PowerShell: Function Return

Most PowerShell newbies believe that PowerShell functions can return a value only through the Return statement. The return statement usually terminates the function and returns control to the calling function. But in Windows PowerShell, this is not entirely true…

In this article, we will look at how to return values from PowerShell functions using the Return command.

In traditional programming languages, functions usually return a single value of a particular type, but in Windows PowerShell, the results of the function are sent to the output stream.

Let’s look at the simplest PowerShell function:

function TestReturn($param) {

 $x = $param + 5



 return $x


If you run this function with a parameter 5 (TestReturn (5)) in a classical programming language, such a construction should return 10 (integer value).

However, in the case of PowerShell, we will see the output:




powershell function return

As you can see, PowerShell function returned 3 values as a result.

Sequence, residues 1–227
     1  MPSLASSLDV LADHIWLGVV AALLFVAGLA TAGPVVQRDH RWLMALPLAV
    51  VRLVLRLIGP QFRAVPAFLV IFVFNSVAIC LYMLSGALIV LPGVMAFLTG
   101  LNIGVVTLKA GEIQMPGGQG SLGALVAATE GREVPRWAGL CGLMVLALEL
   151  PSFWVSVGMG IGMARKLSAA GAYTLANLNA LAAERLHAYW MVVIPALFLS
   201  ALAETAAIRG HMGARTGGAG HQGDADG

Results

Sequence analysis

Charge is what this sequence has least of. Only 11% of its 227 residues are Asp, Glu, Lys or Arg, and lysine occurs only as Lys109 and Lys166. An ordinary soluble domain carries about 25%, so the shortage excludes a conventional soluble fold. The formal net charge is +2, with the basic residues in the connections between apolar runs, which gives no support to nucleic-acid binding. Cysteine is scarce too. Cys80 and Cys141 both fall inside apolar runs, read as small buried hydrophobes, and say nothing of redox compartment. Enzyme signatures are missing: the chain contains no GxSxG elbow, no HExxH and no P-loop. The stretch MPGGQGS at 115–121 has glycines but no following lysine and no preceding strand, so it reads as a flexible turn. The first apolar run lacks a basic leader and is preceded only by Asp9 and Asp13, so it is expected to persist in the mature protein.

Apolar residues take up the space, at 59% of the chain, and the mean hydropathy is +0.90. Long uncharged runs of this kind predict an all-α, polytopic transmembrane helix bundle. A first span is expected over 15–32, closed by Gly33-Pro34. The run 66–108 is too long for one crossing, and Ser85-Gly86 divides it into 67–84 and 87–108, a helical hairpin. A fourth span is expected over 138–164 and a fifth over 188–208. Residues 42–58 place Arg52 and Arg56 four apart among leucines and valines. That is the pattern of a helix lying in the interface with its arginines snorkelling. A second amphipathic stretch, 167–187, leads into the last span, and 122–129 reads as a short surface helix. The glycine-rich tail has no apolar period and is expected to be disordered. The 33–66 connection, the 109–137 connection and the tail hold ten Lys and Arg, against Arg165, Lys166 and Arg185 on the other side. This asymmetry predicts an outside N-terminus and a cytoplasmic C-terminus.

Note. It is not necessary to specify a Return command in a PowerShell function., The value of any variable or object that is displayed directly in the body of the function will be available as the function output.

Assign the value of the function to a variable and check its type with the following commands:

$MyTestVar=TestReturn (5)


The value returned by the function is of type System.Object [], i.e. this is an array. If the output of the function contains objects, the returned object instances will also fall into the collection (dynamic array).

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You can display the length of the array and the values contained in it:





powershell function return value

By default, PowerShell functions work so that when executed, they write to the $Result array all the values that were displayed during the function’s operation. This not always convenient when writing PowerShell functions.

In order not to send extra values to the output stream of the function, you must use the Write-Host cmdlet. This cmdlet will output function data to the console (on the screen), and not to the output stream:

function TestReturn($param) {

 $x = $param + 5

 Write-Host "text"

 Write-Host 2*2

 return $x


$MyTestVar = TestReturn (5)


As you can see, the function returned only the value that we expected – 10.

powershell function return type

You can also hide extra information from the output stream using the Return statement (it resembles the Break command in PowerShell loops).

function TestReturn($param) {

 “This line is displayed”


 “ This line is not displayed”


$MyTestVar = TestReturn (5)


powershell function return multiple values

Cyril Kardashevsky
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